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The “good” to which Gans refers is the peace and justice of the equitably shared signifier, the mental representation of the object in the interior scene of representation. Such notional sharing, no matter how brief, allows for the object to be “possessed” by all equally. Thus, in an important alternative to Girard’s notion of the scene, Gans allows that the object in dispute could have been equitably shared. Its apportionment could have been peaceably negotiated. Although the potential for a frenzied “sparagmos” must always have been great, the primal scene might conceivably have unfolded in perfect peace. For the essence of the human signifier, as Gans never tires of stating, is to defer violence through representation. Thus for Gans the human signifier is truly “transcendent” in a way that it never is for Girard. In rises “vertically” above the “horizontal” object by replacing it and making itself equally available to all.

Against Gans’s logical claim that the signifier cannot precede language, Girard had suggested, as we saw, that there might indeed have been something like a pre-linguistic signifier. We saw in Girard’s view of the hominization process that the body of the victim did indeed become significant, in the sense that it was both differentiated and a source of difference, before it emerged as a full blown sign, i.e., before it was abstracted to the level of a repeatable immaterial signifier. Girard suggests that ritual, with its roots in prehuman animal societies, must have functioned as the bridge between collectively meaningful routines and genuine human signifiers. As protohumans repeatedly extracted themselves from the chaos of mimetically induced aggression through the expedient of the killing of a victim, the functional significance accruing to the process must have “stuck,” so to speak, in the habitual repertory of a group’s resources before making its way into the clear awareness of anyone in particular. Perhaps under threat of renewed violence a group might have proceeded to a “ritual” reenactment of murder, either in fact or by proxy, without being driven to it “as if for the first time.” In short, although for both Girard and Gans the gap between nature and culture is one of radical difference, Girard nevertheless appears to be open to the notion of a temporal period of preparation when the victim could have carried out its meaningfully pacifying role before their was a fully conscious medium capable of accomplishing this mediation. Time is an important factor here. As Girard points out, the process took place over millions of years:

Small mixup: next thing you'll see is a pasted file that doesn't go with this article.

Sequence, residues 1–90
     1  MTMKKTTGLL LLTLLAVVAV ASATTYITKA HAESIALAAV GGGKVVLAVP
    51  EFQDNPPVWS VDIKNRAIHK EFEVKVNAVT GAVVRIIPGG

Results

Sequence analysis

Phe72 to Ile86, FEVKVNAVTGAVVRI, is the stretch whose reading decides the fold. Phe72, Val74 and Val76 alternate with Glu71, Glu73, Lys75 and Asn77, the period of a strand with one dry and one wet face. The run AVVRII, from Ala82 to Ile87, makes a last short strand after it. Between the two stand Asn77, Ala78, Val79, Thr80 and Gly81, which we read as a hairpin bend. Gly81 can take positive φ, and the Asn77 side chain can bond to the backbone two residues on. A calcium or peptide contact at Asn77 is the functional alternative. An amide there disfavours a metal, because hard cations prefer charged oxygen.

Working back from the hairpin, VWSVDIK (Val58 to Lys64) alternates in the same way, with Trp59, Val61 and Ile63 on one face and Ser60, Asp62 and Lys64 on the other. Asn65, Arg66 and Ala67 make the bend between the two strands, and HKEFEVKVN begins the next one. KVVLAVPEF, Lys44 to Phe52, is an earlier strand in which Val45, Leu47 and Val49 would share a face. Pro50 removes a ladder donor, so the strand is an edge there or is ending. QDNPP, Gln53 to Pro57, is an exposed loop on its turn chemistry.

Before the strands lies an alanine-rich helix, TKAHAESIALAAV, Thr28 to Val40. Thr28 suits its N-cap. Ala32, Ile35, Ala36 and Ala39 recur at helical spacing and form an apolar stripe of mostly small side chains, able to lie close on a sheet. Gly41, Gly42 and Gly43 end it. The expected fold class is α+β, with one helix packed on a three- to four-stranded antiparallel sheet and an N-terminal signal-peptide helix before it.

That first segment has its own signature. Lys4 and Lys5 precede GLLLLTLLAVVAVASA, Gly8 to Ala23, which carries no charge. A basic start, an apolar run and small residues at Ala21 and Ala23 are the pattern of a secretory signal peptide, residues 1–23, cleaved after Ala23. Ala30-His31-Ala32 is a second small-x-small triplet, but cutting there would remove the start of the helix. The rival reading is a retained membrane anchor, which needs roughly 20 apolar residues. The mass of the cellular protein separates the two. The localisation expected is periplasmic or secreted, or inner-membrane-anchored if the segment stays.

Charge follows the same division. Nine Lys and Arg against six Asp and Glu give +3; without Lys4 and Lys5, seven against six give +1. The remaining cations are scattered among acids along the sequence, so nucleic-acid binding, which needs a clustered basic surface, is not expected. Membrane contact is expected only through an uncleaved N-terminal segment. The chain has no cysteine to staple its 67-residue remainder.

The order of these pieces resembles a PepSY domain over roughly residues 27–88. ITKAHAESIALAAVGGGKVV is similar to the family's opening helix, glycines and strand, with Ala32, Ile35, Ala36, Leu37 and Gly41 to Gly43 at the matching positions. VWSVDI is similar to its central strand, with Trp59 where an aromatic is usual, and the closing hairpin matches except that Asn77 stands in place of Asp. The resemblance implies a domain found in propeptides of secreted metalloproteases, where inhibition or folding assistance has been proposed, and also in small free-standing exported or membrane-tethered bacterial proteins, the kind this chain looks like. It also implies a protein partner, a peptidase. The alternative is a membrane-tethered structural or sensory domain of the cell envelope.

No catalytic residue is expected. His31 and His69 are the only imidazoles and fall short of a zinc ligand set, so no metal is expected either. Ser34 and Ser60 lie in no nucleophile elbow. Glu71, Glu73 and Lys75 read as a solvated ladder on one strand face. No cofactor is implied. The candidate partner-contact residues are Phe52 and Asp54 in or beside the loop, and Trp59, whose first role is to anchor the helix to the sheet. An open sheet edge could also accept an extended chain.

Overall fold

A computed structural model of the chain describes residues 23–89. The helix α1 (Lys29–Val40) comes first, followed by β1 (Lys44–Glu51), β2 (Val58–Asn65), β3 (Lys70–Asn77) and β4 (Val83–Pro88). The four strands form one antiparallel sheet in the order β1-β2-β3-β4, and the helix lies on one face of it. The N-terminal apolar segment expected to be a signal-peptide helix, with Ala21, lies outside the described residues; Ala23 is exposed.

Between what can be strictly termed animal nature on the one hand and developing humanity on the other there is a true rupture, which is collective murder, and it alone is capable of providing for kinds of organization, no matter how embryonic, based on prohibition and ritual. It is therefore possible to inscribe the genesis of human culture in nature and to relate it to a natural mechanism without depriving culture of what is specifically, exclusively, human. (Girard, 97)

And again:Animal rites of this kind provide us with everything necessary for an understanding of the transition, based on sacrificial religion, from animal sociality to human sociality. (Girard, 98)

What is at issue between Gans’s and Girard’s scenarios?

Rather than simply being a question of historical verisimilitude, i.e., of which version seems more likely to have actually occurred, I would suggest that the point at issue here concerns divergent understandings of the mechanics of violence. Both Gans and Girard agree that violence springs from mimetic desire, but part company concerning the role and function of the desired object. For Girard, once the conflict has been engaged, the object that served as its source tends to lose importance and fade from the consciousness of the disputants:

We know that the ineradicable character of mimetic rivalry means that the importance of any object as a stake in conflict will ultimately be annulled and surpassed and the acquisitive mimesis, which sets members of the community against each other, will give way to antagonistic mimesis, which eventually unites and reconciles all members of a community at the expense of the victim. (Girard, 95)